Marian Massonius

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Marian Massonius
Marian Massonius
Massonius as Dean of Humanities at Stefan Batory University
Born(1862-02-01)February 1, 1862
DiedJuly 20, 1945(1945-07-20) (aged 83)
OccupationPhilosopher and teacher
Known forPositivism, Anti-Bolshevism
Notable work
On Bolshevism

Piotr Marian Massonius (1 February 1862 in Kursk, Russian Empire – 20 July 1945 in Vilnius (Wilno), prewar Second Polish Republic) was a Polish philosopher and teacher who was born into a family of expatriates during the Partitions of Poland.


Massonius studied law at the Warsaw University and then abroad, where he took up philosophical and pedagogical studies at various German universities, mainly in Leipzig. He became one of the representatives of the Warsaw school of Positivism who formed a common front against Messianism together with the Polish Neo-Kantians.[1]

Before Poland's return to independence, Massonius wrote for the Polish-language St. Petersburg weekly Kraj and contributed to the Polish-language periodicals Głos, Tygodnik Ilustrowany, Wisła, Gazeta Warszawska and Gazeta Polska. In 1897-1914 he served on the editorial board of Przegląd Filozoficzny (The Philosophical Review). In 1906 Massonius was elected to Russia's first National Duma. In 1906-14 he lectured at Warsaw's Flying University, and in 1920-32, as a professor he conducted courses in philosophy and pedagogy at Stefan Batory University in Vilnius, then part of the Second Polish Republic; in these, he focused on epistemology and aesthetics. He became dean of the Humanities Department there. His writings included a collection of philosophical essays, and Polish translations of Western philosophers such as Immanuel Kant, Émile Tardieu and Schopenhauer.[2]

On 21 September 1920, in Poznań, Massonius published an essay On Bolshevism, including observations on the 1847 Communist Manifesto of Marx and Engels. As one of the first Polish scholars following the 1917 Russian Revolution, he warned that communist ideology was merely a tool that enabled the Bolsheviks to assume the political role of a new ruling class in Russian society. Workers and peasants – Massonius wrote – were to become an embellishment for the commissars corresponding roughly to the former Tsarist governors, heads of administrative districts (volosts), prosecutors, heads of treasury offices, directors of school departments, and so on.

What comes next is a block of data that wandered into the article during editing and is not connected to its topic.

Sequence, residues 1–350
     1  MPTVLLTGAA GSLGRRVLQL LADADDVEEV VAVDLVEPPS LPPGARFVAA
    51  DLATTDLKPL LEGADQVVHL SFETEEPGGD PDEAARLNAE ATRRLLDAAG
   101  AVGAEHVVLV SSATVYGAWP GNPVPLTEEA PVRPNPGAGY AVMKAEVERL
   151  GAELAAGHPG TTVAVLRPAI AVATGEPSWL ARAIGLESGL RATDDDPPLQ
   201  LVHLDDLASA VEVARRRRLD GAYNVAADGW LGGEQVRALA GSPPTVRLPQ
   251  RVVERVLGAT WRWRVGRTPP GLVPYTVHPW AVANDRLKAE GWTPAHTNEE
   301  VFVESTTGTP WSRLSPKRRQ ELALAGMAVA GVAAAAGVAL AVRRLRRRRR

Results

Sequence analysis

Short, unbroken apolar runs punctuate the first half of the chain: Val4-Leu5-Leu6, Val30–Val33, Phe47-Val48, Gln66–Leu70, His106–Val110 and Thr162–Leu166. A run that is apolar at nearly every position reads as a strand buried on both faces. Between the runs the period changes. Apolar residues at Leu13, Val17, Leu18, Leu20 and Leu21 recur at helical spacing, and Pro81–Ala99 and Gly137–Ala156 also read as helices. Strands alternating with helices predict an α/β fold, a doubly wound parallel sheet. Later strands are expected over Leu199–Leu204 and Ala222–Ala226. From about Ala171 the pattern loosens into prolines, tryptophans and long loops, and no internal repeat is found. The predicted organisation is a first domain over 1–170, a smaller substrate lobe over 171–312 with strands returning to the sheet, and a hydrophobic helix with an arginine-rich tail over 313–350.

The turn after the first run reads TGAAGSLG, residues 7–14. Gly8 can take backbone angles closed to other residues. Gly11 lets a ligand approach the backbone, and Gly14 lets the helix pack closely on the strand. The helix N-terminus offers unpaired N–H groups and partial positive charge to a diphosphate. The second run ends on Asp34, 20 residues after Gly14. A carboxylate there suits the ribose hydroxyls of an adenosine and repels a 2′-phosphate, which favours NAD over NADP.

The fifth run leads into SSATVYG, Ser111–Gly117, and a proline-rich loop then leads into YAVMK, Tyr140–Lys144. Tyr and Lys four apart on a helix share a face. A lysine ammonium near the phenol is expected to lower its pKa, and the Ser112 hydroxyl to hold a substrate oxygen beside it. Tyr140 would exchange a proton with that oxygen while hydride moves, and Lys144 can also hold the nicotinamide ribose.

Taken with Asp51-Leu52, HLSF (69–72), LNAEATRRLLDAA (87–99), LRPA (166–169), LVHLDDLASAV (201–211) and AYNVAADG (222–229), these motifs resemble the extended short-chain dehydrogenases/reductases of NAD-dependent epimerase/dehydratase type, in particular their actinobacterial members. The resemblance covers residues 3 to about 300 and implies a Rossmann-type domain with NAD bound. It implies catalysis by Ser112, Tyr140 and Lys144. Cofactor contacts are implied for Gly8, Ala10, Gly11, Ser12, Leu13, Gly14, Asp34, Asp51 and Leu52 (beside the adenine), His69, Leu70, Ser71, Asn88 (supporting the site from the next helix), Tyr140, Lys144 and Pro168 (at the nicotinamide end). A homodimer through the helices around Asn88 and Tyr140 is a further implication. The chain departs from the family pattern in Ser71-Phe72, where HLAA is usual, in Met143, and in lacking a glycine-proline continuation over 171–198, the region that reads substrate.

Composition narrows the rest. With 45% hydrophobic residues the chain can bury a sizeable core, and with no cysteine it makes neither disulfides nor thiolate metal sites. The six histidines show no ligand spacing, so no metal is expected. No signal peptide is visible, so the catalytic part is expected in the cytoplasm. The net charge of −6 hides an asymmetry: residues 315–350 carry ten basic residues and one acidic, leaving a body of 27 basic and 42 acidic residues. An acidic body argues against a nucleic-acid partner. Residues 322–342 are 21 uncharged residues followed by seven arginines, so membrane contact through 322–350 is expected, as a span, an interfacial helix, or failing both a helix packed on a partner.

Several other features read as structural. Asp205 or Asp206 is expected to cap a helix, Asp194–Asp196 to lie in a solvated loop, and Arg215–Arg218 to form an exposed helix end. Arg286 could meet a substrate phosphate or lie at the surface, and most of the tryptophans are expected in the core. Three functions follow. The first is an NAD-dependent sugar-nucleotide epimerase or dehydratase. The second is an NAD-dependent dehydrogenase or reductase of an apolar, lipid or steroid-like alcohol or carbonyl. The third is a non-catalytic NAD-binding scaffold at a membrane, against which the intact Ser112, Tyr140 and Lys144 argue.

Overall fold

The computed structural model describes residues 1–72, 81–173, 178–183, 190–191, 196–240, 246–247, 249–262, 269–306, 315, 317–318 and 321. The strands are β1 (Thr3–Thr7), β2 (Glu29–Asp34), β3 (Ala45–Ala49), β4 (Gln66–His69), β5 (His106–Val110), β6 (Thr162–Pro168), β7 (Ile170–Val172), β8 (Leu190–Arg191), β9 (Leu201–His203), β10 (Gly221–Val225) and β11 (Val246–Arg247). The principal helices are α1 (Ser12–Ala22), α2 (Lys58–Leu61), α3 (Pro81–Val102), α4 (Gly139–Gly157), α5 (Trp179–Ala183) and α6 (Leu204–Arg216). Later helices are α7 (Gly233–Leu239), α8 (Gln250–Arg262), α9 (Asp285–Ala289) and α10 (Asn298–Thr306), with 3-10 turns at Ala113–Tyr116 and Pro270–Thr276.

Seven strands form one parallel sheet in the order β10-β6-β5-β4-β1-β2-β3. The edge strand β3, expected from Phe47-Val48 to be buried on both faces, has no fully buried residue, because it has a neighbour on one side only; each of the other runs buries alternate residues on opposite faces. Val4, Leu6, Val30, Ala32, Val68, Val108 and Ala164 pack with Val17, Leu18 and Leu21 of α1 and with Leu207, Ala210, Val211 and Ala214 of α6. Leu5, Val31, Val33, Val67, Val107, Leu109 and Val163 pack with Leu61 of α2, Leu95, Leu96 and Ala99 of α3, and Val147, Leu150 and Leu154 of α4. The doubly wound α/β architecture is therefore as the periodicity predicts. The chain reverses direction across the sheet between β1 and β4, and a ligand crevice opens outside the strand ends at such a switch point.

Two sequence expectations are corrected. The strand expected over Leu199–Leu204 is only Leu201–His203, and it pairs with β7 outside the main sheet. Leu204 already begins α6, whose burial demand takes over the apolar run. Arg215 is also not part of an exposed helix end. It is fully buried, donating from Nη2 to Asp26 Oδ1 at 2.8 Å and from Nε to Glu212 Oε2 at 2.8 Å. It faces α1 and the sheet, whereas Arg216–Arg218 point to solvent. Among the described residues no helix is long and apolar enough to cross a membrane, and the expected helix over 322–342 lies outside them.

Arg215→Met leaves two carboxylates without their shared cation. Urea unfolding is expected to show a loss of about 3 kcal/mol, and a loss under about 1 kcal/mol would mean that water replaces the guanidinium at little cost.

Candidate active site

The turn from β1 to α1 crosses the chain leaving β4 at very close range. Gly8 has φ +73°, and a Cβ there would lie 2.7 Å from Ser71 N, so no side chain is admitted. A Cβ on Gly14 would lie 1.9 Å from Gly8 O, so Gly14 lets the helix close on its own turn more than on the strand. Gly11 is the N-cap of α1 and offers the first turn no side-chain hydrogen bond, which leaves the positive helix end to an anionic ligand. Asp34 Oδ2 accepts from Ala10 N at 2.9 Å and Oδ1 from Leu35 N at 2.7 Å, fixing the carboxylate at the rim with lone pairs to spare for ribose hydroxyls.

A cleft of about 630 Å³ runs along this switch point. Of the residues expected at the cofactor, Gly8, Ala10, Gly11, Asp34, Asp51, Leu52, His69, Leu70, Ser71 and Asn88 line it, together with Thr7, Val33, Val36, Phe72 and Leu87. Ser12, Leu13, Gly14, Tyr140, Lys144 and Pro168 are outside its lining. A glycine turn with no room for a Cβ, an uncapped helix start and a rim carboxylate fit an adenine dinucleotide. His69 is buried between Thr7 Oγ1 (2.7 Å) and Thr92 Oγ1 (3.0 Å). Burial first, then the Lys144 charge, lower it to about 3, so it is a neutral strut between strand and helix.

He wrote that the new ruling elite, comprising members of the Cheka (Extraordinary Commission for Combating Counterrevolution and Sabotage) and Red Army officers, regarded as the "right-thinking", had only one thing in common as in every oligarchy. That is, they all represented communist clubs formed in every Soviet town. These clubs constituted the actual, though unofficial government, or rather the body overseeing the activities of the official government. From the very beginning the aim of the revolutionaries was not to bring about Marxist equality among the classes, but to create a new privileged class of their own. Civil equality was never their goal, it was only an object of subversive political manipulation justifying the means, he explained.[2]


  • Marian Massonius, Szkice estetyczne (Sketches in Aesthetics), 1884
  • Marian Massonius, Über den kritischen Realismus, 1887
  • Marian Massonius, Racjonalizm w teorii poznania Kanta (Rationalism in Kant's Theory of Knowledge), 1898
  • Marian Massonius, Rozdwojenie myśli polskiej (Duality of Polish Thought), 1901
  • Marian Massonius, translations of, and prefaces to, works by E. Tardieu, A. Schopenhauer and E. Dubois-Reimond.
  • Dr. Marian Massonius, Dzieje Uniwersytetu Wilenskiego 1781-1832 (History of Wilno University). Notatki z wykładow w roku akademickim 1924–1925 (Notes of lectures in academic year 1924–25), Toruń, Wydawnictwo Uniwersytetu Mikołaja Kopernika, 2005.
  • Prof. Marian Massonius, "O bolszewizmie" (On Bolshevism). Lecture presented at Poznań, August 21, 1920, in the "Głosy na czasie" (Voices of Our Time) series, no. 45, Poznań, Księgarnia św. Wojciecha, 1921, pp. 8-19, 40-42, 56-64.

See also[edit]


  1. ^ Władysław Tatarkiewicz, Historia filozofii (History of Philosophy), 3 vols., Warsaw, Państwowe Wydawnictwo Naukowe, 1978; vol. 3, pp. 177–78.
  2. ^ a b (in English) Ośrodek Myśli Politycznej (Center for Political Thought), 1998; Marian Massonius (1862-1945) Archived 2009-07-27 at the Wayback Machine with selected fragments from his essay "On Bolshevism".